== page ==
Let’s Celebrate Strawberries!!!

If you love strawberries, then you know that nothing compares to that deep red, fleshy, succulent, mouthwatering, juicy, delicate taste of a  fruit saying “eat me” like a strawberry.  The month of May is said to always be National Strawberry Month, a time when farmers and consumers alike celebrate the peak abundance of America’s favorite fruit.

Strawberries photogenic color, shape, easy preparation and adaptability,  makes them among one of the most talked about fruits on culinary websites, blogs, Pinterest and other social media, including  mine Tasty Goodness. It’s said that conversations on Twitter mention strawberries, along with its most popular companions, chocolate  and cream, has garnered more than 2 million mentions.  According to the U.S. Department of Food and Agriculture, Americans now consume twice as many strawberries than two decades ago… wow!

Some Strawberry Facts:

  • Strawberries were originally called “Strewberries” due to the way the berries seem to be just strewn about the leaves of the plant.
  • Eight strawberries provide 140 percent of the recommended daily intake of Vitamin C.
  • They are the first fruit to ripen in the spring.
  • One cup of strawberries has just 55 calories.
  • They are only fruit with the seeds (on average, 200) on the outside of the fruit.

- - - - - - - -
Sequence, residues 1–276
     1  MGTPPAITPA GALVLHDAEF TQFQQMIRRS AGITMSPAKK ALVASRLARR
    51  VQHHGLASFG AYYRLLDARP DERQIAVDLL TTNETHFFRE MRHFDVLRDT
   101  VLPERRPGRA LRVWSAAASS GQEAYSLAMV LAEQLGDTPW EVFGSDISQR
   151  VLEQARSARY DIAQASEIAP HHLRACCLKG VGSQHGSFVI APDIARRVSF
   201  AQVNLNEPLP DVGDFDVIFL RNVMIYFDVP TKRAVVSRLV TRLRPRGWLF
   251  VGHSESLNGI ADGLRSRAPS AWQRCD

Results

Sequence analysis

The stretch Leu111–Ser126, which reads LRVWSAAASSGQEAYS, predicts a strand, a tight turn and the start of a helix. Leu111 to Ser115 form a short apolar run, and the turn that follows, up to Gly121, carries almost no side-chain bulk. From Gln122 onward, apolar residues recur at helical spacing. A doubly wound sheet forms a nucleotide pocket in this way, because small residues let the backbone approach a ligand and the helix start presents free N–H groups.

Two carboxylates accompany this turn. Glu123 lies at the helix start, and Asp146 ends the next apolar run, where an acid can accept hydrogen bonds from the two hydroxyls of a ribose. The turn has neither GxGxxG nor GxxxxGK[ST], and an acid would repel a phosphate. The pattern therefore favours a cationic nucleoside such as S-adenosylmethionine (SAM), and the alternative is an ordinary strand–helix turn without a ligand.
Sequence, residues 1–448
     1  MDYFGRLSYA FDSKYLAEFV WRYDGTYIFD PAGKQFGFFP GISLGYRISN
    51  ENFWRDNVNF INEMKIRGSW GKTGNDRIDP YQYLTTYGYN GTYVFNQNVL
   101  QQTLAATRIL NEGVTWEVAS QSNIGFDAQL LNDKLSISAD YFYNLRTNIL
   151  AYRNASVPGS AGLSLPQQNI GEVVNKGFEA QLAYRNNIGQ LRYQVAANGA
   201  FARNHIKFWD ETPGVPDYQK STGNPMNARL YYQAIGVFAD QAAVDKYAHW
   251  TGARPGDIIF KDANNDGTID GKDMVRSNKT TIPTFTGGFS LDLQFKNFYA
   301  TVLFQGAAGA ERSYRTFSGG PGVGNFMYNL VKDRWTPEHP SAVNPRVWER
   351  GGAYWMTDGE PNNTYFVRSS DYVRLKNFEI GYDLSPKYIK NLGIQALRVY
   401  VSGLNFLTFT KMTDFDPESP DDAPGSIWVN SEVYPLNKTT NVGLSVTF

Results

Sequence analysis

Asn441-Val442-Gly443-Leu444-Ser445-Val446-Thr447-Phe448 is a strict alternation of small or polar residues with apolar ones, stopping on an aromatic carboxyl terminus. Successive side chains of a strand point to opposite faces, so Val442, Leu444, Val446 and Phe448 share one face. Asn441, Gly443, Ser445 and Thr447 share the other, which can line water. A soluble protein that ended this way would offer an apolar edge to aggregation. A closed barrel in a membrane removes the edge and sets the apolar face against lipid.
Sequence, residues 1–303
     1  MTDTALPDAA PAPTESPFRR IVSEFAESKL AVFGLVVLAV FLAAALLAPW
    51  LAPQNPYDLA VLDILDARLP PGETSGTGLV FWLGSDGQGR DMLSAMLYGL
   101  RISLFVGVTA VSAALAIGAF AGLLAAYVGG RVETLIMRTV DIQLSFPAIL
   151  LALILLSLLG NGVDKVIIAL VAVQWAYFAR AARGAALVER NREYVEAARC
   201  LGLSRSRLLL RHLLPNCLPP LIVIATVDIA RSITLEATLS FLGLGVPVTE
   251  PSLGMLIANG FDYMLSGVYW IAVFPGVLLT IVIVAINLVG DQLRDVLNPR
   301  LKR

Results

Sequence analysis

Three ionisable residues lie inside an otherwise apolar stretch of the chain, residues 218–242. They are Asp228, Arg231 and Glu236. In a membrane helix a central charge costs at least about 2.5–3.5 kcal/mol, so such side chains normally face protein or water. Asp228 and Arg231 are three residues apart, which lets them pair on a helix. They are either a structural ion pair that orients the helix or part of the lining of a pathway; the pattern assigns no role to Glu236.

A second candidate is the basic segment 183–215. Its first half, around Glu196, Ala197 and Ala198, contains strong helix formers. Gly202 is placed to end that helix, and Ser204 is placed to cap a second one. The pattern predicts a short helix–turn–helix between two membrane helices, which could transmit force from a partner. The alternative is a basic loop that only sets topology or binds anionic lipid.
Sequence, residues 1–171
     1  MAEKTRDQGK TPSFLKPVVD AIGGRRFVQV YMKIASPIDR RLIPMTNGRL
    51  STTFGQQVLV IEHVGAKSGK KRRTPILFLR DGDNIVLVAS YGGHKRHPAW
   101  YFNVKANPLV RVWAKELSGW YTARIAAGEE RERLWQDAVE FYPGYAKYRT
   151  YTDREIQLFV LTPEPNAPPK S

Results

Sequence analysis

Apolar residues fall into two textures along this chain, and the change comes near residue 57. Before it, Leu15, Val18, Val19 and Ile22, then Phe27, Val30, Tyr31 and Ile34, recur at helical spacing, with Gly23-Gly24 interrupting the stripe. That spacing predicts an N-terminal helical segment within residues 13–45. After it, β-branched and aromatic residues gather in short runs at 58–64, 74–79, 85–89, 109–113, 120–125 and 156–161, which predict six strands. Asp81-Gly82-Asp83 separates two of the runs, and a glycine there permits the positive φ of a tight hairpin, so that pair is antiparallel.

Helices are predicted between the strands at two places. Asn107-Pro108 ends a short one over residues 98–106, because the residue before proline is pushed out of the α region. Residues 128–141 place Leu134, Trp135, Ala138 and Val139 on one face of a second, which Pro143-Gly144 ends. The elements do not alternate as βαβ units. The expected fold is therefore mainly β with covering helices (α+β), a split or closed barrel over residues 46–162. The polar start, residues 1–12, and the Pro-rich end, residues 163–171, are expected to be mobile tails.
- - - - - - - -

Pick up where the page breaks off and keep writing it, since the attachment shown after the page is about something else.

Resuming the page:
• They are grown in every state in the United States and every province of Canada.
  • Strawberries are the most cultivated berry in the country and are grown in every state.
  • Strawberries are picked and loaded onto the refrigerated trucks within 24 hours.
  • Because strawberries are highly perishable, their consumable life varies from 5 to 7 days from the moment they were picked.

However, almost all commercially produced strawberries come from the northern hemisphere. The largest strawberry producing country is the United States, growing 20-25% of the world’s annual production; Spain is the world’s second largest producer, with about 6-7%.

Spain is also the world’s largest exporter of fresh strawberries (Poland is the world’s largest exporter of frozen strawberries).

California dominates U.S. strawberry production. The state’s annual harvest consistently approaches nine-tenths of all U.S. strawberries. Most strawberry farming is in the southwestern counties of the state (particularly along the coast), where full sun and a mild climate predominate.

Florida is the second largest producer of strawberries in the United States at 8-9% annually. Plant City is the epicenter of strawberry farming for the state. Most of the strawberries sold in U.S. groceries during the winter (especially in the months of December and January) come from Florida.